“Regardless of the services being delivered and the length of the assignment, the selection criteria for any agency selection process will likely remain the same. The major difference between an [agency of record] evaluation and a one-time project engagement evaluation is the weights assigned to each criterion,” Jordan said.
For example, Jordan pointed out, when evaluating agency candidates for a one-time project, more emphasis may be placed on technical expertise rather than cultural fit; however, both criteria should still be evaluated. On the other hand, when choosing an agency of record, technical expertise may have a lower weight than cultural fit, she added.
Jordan recommends these 10 qualitative criteria for the agency selection process:
Talent and functional expertise
– Account management
– Industry/category expertise
– Executional excellence
– Strategic thinking
– Innovative and/or technologically advanced
– Cultural fit
– Adaptable to change*
– Demonstrated commitment to working with other agency partners*
*Jordan says these two items may not be entirely applicable for one-time project agency candidates, depending on the project length and level of involvement from the brand team.
3. Examine agencies’ range of services and core competencies. How nimble is the agency? The ad landscape is changing, so agencies must also adapt. The WSJ reported agencies are investing in broadening their capabilities. Agencies are being asked to engage with customers in new ways (other than non-traditional advertising) and create all sorts of new types of content, according to The WSJ. If CMOs are concerned with and working to staying current with trends, your agency should be too.
4. Gauge the agency for the right vision and cultural fit. Matching approach and workflow types is critical to the project management process. As part of agency evaluation, find out how they handle project deadlines and project overruns as well as what resources and steps they will take to finish the project when it’s over deadline and/or budget.
“The brand-agency relationship is a key factor that will determine the success of a campaign. If both parties do not share the same vision, it will be challenging to work together and agree upon creative concepts, overall messaging, tactical programs, etc.,” Jordan said.
One such opportunity to assess cultural fit is an initial on-site presentation. She said this helps determine whether the agency is a good fit with the brand team. But she added that if initial on-site presentations do not fit well within the agency search process, then to incorporate certain language into the RFP can ensure that the agency’s core team will be evaluated during the final pitch presentation.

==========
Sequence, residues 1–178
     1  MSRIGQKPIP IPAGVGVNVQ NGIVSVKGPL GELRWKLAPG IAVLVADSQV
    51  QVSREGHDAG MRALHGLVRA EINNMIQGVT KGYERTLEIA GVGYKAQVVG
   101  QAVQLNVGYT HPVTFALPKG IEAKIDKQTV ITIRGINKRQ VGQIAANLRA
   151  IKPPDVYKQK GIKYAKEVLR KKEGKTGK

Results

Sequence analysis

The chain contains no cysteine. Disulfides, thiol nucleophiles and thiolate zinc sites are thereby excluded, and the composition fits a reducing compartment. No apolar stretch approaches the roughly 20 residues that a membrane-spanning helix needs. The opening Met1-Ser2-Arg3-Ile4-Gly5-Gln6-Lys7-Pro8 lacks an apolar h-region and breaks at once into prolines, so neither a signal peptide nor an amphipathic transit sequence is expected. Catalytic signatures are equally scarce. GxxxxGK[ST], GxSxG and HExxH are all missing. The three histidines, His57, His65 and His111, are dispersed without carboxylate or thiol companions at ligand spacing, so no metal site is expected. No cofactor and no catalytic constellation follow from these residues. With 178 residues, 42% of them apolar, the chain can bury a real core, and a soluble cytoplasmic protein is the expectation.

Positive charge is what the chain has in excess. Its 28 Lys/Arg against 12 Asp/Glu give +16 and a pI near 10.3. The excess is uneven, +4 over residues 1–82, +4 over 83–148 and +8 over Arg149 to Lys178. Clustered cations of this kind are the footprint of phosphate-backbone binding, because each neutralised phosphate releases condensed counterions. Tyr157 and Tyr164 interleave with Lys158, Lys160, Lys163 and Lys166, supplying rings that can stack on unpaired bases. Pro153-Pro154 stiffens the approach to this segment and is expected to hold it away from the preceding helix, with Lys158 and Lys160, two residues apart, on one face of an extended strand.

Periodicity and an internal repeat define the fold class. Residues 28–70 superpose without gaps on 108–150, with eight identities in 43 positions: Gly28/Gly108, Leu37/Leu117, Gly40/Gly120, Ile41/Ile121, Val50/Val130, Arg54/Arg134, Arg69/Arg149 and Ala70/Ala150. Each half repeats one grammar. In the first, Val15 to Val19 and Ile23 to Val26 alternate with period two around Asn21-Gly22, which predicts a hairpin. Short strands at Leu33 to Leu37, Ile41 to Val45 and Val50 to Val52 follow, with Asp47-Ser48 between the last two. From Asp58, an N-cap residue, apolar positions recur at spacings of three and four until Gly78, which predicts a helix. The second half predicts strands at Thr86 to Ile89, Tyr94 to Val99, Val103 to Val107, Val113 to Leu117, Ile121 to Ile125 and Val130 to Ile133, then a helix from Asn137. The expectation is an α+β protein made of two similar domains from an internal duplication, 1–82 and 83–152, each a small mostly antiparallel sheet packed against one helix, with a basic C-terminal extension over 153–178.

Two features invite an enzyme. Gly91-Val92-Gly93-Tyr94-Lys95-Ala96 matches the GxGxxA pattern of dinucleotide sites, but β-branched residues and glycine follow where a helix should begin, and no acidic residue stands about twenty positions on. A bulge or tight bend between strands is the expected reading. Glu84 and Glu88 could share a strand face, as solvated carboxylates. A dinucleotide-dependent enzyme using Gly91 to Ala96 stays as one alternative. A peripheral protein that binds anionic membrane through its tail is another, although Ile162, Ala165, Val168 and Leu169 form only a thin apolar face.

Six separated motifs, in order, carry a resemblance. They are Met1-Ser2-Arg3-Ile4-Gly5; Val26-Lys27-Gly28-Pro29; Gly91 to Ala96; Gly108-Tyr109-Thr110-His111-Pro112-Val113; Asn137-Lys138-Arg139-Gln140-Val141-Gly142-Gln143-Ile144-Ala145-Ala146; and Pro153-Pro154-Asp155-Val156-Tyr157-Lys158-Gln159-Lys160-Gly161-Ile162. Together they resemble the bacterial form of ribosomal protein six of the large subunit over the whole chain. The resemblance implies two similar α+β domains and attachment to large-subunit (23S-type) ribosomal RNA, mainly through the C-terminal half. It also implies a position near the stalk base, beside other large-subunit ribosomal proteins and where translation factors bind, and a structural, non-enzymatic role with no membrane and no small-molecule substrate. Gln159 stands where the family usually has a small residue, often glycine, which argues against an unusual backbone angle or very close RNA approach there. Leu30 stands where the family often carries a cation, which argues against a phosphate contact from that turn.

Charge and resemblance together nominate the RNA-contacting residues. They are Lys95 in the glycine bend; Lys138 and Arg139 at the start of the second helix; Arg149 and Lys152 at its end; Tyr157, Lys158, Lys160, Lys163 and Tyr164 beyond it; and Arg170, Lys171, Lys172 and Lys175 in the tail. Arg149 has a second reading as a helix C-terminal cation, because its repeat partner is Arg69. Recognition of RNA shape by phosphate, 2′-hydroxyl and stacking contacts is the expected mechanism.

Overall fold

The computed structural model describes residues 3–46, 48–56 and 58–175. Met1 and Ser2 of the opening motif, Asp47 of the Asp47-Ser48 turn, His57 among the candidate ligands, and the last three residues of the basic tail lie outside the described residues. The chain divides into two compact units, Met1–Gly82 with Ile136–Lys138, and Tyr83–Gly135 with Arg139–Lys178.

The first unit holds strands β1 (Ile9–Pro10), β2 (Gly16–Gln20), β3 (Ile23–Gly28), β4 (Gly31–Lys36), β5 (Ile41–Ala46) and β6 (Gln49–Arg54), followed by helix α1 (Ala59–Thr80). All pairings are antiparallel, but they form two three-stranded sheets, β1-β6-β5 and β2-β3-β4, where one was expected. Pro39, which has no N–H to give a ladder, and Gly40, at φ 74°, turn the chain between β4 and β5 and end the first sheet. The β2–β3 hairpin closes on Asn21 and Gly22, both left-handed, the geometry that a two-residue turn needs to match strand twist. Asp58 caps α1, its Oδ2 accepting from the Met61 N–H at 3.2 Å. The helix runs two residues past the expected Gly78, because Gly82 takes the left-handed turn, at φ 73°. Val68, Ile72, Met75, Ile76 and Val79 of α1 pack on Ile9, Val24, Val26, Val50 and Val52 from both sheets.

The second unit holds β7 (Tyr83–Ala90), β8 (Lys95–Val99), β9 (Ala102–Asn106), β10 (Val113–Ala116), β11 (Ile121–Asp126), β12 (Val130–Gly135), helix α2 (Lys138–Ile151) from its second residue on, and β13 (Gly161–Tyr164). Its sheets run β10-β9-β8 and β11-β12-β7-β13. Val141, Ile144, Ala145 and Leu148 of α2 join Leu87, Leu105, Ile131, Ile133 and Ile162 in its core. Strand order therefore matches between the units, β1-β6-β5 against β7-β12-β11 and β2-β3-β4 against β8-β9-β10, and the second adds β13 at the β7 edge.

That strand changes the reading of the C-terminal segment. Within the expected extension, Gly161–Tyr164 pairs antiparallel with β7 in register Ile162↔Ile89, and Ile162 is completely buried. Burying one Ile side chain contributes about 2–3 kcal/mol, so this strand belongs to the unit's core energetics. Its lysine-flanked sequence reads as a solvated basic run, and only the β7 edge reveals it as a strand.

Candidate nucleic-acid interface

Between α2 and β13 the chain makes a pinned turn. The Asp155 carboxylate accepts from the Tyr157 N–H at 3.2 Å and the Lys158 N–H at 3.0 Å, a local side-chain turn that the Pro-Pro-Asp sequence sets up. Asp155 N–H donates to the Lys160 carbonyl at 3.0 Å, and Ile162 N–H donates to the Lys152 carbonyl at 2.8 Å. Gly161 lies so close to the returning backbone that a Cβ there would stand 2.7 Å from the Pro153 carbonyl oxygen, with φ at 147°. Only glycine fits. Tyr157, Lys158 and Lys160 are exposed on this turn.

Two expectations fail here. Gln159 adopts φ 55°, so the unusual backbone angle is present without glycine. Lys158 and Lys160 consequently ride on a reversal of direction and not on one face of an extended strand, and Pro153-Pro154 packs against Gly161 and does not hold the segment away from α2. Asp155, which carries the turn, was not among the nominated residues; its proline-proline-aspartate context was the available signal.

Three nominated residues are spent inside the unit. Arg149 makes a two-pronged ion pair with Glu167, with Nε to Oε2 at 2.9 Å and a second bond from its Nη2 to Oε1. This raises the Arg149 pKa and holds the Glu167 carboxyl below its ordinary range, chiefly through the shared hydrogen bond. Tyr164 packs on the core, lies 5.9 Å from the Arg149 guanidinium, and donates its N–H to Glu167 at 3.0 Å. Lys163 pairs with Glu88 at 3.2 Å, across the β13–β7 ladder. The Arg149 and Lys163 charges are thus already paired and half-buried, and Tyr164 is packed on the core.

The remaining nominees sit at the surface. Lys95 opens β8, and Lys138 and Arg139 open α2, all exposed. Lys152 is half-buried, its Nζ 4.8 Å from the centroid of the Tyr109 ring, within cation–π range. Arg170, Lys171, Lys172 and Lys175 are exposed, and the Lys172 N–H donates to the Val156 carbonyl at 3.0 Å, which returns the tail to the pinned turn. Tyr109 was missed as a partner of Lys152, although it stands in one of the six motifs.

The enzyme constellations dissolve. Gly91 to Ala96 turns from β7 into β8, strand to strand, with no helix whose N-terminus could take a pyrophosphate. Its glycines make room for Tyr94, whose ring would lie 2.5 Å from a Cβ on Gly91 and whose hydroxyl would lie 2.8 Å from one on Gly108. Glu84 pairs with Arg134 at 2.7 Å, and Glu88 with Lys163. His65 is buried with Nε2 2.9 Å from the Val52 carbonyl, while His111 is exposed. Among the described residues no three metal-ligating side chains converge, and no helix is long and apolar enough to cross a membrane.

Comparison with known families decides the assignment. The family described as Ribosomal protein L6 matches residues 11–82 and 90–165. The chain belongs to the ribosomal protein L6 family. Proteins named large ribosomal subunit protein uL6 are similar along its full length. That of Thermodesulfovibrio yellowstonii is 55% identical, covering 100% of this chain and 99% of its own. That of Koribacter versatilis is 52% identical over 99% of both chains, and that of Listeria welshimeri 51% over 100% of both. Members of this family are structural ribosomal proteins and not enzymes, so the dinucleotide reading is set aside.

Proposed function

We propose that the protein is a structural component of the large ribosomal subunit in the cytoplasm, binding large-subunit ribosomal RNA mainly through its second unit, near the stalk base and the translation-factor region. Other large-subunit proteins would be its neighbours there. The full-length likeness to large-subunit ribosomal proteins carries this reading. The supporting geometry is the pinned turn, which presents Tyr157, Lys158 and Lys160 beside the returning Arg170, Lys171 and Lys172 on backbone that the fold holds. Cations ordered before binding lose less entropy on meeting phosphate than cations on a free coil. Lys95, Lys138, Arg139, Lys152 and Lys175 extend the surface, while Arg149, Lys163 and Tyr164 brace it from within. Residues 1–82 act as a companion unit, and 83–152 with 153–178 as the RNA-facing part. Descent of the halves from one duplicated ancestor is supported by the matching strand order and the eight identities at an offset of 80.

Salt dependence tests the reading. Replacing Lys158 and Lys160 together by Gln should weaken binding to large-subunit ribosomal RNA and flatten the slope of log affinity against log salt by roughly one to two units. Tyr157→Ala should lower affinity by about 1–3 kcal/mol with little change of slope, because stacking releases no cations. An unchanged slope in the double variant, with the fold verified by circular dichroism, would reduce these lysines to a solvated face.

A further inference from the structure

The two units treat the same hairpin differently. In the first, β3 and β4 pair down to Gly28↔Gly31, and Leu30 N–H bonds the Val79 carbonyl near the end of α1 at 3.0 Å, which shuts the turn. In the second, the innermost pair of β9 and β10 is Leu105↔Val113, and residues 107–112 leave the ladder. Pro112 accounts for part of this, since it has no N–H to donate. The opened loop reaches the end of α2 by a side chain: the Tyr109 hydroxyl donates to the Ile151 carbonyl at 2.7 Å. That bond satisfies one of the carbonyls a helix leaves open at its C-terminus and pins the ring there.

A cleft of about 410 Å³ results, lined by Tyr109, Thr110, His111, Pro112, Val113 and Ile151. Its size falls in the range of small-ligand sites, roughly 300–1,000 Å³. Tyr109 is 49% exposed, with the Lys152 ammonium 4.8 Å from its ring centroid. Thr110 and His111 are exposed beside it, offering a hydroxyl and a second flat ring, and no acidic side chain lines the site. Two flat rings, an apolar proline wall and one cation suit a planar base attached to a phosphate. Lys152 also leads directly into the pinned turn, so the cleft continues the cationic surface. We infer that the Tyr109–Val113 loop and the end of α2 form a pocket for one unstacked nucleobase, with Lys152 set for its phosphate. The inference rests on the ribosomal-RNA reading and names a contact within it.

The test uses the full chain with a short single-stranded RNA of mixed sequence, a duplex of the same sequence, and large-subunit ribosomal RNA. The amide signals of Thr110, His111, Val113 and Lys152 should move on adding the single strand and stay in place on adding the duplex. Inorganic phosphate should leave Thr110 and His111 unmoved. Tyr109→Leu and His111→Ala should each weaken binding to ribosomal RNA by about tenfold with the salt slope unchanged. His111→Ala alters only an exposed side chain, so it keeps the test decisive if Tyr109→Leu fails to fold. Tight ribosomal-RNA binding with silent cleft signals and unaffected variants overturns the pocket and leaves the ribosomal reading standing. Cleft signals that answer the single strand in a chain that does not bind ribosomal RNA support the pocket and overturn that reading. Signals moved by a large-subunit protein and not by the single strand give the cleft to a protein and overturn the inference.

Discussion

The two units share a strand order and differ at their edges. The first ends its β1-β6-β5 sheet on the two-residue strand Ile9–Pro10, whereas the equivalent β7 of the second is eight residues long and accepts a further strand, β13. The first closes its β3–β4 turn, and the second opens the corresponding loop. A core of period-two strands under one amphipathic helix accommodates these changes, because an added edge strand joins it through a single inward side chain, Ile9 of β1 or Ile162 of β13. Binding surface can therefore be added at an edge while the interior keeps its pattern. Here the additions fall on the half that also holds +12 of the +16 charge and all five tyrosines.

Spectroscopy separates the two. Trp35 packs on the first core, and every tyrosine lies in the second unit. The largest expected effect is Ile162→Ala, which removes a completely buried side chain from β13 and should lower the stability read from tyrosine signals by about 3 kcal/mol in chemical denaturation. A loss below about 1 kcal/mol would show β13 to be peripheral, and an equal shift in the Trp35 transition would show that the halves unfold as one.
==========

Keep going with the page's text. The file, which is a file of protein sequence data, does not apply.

“For these types of presentations, marketing professionals should ask agencies to present on their experience as it relates to the target market for the brand, while also addressing the agency’s core competencies and ability to fulfill the scope of work,” she said.
Jordan recommends requesting case studies that share similarities to the brand for an apples-to-apples comparison.
5. Research ad campaigns and results of those campaigns. Seek examples of agency work to help illustrate the types of examples you’re going for. It might be helpful to find examples that are similar to the type of campaigns you want to launch or ones that your company likes. Examine the results of those campaigns, if available. It might be helpful to find out what the agency behind the campaign or look for an agency that specializes in the type of ads you want to produce that are specific to your industry. For instance, does the agency specialize in social, digital or mobile? This research will help the agencies you’re considering see what you’re interested in.
BusinessWeek’s report “How to Hire an Ad Agency” warns against asking for speculative work for these reasons: top agencies are in high demand, they don’t need to do spec work; spec work is not a true reflection of an agency’s capabilities; the more an agency wants to jump through the hoops with spec work, the more it raises suspicions.
6. Find agencies that have worked in your company’s industry or area of expertise. The learning curve for an agency won’t likely be as great because they will already have a familiarity and understanding of your industry from working with other companies in the same line of work, according to Jordan’s post on the American Marketing Association website. Request examples of case studies for those companies and ask what metrics were used to measure success.